As the America the Beautiful series winds down with only six more issues scheduled for release in 2020 and early 2021, what will become of the Washington quarter? Will the Mint create an entirely new series, or has the novelty of the unique yearly reverse designs worn off after 20 years of production?
Following on the heels of the popular 50 State Quarters Program that began in 1999 and ended in 2008, and the brief 2009 District of Columbia and U.S. Territories Quarters, the U.S. Mint launched the America the Beautiful series in 2010. From sea to shining sea, the 56-coin initiative celebrates national parks and sites across America and its territories. The unique reverse designs featured on each issue has both stimulated interest in numismatics and brought attention to the sites they honor.
As the end of the series draws nearer with only six more quarters coming down the pike, the future of the Washington quarter's reverse design, — while not certain, may have been chosen by default. While the Mint had authorization to repeat the America the Beautiful Program featuring new sites from each state, it was not pursued and in accordance with Public Law 110-456, the reverse design is required to revert to a static depiction of Washington crossing the Delaware, until a new program is decided upon.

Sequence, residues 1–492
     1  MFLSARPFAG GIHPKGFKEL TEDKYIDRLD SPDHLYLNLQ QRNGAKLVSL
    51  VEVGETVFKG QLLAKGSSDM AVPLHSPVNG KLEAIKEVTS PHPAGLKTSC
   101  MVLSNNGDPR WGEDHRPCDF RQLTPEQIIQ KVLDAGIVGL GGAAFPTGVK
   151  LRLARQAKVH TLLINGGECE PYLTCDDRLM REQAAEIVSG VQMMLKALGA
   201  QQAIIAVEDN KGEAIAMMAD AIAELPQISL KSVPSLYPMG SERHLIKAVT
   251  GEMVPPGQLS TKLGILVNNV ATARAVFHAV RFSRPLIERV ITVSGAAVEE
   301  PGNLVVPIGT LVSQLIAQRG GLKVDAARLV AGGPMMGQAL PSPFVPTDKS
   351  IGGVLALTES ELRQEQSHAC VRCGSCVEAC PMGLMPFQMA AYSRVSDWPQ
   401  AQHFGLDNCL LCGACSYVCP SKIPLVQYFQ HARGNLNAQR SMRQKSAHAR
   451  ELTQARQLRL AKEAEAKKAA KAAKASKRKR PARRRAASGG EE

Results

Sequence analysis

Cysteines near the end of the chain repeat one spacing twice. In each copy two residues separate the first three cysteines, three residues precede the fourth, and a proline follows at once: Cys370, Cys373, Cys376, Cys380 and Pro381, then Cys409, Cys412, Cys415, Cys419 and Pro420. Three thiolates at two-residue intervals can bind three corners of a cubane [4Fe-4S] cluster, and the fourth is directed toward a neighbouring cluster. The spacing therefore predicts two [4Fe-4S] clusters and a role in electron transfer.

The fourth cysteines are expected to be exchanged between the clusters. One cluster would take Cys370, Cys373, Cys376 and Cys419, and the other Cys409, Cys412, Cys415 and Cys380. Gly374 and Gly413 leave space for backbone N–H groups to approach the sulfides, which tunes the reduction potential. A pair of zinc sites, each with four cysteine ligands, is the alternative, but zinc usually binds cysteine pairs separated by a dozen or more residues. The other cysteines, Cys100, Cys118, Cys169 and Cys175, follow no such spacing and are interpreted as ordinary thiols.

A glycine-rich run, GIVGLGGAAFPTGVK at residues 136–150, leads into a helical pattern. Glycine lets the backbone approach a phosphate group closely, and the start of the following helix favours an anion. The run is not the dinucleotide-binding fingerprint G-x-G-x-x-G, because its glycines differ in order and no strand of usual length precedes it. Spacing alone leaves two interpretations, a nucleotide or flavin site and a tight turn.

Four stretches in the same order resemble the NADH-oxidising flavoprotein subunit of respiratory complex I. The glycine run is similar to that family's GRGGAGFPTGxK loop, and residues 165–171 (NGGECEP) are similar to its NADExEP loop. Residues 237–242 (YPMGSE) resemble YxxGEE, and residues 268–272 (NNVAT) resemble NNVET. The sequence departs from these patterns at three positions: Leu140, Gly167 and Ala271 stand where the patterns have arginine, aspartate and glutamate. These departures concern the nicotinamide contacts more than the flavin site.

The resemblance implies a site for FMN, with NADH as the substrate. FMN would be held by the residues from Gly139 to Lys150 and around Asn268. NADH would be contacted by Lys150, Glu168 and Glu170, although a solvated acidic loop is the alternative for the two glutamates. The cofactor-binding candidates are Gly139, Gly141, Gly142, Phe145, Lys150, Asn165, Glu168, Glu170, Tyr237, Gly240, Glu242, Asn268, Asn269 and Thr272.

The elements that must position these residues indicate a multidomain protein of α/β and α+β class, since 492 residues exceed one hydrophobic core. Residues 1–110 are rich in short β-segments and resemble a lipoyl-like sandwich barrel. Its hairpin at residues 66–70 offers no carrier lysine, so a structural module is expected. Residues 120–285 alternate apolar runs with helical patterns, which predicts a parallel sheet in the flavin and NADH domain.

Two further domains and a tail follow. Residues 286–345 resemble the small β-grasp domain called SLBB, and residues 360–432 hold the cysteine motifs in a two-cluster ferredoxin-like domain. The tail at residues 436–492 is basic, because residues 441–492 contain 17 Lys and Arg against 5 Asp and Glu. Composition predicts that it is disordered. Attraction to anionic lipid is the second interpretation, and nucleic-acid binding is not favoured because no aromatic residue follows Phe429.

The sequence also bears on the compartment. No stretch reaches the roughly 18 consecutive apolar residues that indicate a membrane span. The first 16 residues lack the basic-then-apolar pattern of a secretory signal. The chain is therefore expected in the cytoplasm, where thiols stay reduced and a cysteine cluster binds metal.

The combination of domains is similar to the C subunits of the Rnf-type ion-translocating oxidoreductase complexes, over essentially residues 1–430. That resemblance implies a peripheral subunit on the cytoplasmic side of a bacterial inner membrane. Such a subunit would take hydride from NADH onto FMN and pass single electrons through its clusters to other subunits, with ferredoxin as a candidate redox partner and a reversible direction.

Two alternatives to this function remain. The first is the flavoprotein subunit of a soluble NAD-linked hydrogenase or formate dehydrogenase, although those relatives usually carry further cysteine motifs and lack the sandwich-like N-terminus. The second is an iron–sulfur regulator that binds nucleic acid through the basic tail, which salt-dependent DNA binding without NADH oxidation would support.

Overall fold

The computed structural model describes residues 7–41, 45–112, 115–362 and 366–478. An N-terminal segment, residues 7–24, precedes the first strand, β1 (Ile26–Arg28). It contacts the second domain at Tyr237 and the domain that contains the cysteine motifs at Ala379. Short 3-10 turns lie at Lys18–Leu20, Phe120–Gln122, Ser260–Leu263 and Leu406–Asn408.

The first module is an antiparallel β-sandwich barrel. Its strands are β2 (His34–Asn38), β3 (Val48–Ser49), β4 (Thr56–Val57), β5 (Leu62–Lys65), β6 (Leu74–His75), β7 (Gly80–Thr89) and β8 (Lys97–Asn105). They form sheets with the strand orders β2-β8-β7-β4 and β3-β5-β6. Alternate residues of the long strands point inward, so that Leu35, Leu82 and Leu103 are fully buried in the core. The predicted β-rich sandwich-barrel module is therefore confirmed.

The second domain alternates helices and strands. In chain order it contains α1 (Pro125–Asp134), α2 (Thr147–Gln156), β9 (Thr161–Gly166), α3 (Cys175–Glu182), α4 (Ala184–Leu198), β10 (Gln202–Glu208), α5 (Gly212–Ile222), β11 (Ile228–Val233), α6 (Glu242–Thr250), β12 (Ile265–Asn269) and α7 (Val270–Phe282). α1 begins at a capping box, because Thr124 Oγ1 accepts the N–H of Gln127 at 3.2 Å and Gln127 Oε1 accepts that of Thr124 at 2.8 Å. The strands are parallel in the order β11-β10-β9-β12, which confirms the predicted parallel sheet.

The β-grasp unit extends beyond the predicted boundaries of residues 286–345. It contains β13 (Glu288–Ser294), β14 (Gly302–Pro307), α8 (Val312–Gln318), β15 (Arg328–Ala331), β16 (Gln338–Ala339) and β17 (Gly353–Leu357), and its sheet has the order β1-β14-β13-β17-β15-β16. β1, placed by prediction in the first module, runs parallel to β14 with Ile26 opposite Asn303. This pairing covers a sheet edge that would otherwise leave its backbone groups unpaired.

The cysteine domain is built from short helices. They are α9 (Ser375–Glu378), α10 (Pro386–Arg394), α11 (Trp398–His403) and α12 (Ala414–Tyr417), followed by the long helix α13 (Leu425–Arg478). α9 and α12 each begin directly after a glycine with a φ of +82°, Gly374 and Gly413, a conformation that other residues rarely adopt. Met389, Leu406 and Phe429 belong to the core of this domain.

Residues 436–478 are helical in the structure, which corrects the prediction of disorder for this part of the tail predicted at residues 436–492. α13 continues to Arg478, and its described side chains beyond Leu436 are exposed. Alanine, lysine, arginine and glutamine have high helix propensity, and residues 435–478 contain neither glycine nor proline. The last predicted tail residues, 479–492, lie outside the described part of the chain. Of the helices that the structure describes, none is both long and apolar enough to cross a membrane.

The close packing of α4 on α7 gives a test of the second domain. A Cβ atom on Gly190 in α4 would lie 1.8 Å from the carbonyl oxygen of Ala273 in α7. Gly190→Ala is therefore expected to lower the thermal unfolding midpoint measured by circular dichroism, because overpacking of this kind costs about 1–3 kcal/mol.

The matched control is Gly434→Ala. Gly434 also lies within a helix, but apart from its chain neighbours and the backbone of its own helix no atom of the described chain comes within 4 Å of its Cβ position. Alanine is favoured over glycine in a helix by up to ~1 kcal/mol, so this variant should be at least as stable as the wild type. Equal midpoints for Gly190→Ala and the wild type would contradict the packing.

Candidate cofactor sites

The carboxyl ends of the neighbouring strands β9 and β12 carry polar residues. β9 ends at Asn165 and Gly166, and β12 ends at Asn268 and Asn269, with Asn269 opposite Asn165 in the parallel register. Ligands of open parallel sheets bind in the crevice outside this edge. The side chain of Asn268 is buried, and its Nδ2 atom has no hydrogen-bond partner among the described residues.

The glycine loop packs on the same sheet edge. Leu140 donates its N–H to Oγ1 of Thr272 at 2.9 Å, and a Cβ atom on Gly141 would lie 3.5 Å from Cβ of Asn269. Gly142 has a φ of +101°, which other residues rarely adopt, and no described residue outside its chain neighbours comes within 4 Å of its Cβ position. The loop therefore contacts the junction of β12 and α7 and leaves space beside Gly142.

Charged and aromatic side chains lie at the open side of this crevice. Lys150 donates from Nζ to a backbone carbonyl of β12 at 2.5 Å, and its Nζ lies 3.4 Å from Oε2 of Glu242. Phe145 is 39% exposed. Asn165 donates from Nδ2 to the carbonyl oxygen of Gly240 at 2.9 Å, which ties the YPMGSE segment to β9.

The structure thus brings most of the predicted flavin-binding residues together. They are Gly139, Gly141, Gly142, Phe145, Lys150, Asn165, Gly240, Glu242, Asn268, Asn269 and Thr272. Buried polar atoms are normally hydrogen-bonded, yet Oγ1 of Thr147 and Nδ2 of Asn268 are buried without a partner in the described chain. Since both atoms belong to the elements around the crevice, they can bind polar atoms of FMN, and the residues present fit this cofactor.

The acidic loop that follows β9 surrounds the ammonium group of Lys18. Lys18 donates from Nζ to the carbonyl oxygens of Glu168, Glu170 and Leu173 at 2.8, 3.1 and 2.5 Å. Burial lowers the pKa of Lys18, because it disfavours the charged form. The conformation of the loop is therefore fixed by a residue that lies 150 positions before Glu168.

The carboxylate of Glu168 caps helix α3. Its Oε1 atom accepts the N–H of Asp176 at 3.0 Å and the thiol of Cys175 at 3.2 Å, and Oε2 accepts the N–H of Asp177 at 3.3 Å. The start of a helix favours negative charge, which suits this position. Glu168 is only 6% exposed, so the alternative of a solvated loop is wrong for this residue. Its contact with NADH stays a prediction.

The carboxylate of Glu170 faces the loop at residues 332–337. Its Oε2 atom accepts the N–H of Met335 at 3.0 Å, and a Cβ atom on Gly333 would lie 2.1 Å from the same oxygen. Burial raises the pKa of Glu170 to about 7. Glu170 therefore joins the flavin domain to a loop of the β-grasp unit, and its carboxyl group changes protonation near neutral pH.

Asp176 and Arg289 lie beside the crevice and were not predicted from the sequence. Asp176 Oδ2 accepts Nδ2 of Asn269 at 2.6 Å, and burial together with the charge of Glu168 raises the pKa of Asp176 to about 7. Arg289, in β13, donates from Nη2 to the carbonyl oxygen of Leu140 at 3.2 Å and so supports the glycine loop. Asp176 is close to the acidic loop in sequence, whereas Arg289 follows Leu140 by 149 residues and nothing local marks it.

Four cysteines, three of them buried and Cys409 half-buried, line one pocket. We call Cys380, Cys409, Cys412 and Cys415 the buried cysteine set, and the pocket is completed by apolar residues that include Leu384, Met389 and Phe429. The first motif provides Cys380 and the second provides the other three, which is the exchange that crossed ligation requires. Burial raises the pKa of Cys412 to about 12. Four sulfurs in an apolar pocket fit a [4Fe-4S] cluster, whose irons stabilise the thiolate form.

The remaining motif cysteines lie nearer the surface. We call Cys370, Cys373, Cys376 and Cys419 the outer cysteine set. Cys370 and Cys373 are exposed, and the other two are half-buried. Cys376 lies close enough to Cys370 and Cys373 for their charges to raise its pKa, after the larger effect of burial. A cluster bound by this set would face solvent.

Earlier in 2019, a bill introduced to the House proposed the creation of a quarter series that would be "emblematic of the accomplishments and contributions of a prominent woman who was a resident of a state, the District of Columbia or a U.S. Territory." The bill was reintroduced to the Senate in August, where it remains. Another quarter series proposal would feature American animals on Washington's reverse.
But is this too much of a good thing? Since the introduction of the State quarters 20 years ago, the U.S. Mint has churned out commemorative nickels honoring the Louisiana Purchase and the Lewis and Clark expedition and the 2009 bicentennial cents celebrating Lincoln's birth. The Presidential dollar appeared, the Sacagawea dollar morphed into the Native American dollar, and most recently, the American Innovation dollars made their debut. As a collector, are you growing tired at the overabundance of these programs, or are you eagerly awaiting the next big release?